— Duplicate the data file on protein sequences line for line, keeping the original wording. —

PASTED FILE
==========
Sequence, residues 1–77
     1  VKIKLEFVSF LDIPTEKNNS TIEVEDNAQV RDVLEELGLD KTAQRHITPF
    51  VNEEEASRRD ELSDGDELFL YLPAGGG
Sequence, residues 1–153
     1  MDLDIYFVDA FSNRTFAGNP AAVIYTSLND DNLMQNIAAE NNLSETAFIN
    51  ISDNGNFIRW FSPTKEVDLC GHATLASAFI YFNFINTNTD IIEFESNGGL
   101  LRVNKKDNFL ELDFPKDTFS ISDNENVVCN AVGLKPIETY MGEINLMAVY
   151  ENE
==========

Sequence, residues 1–77
     1  VKIKLEFVSF LDIPTEKNNS TIEVEDNAQV RDVLEELGLD KTAQRHITPF
    51  VNEEEASRRD ELSDGDELFL YLPAGGG
Sequence, residues 1–153
     1  MDLDIYFVDA FSNRTFAGNP AAVIYTSLND DNLMQNIAAE NNLSETAFIN
    51  ISDNGNFIRW FSPTKEVDLC GHATLASAFI YFNFINTNTD IIEFESNGGL
   101  LRVNKKDNFL ELDFPKDTFS ISDNENVVCN AVGLKPIETY MGEINLMAVY
   151  ENE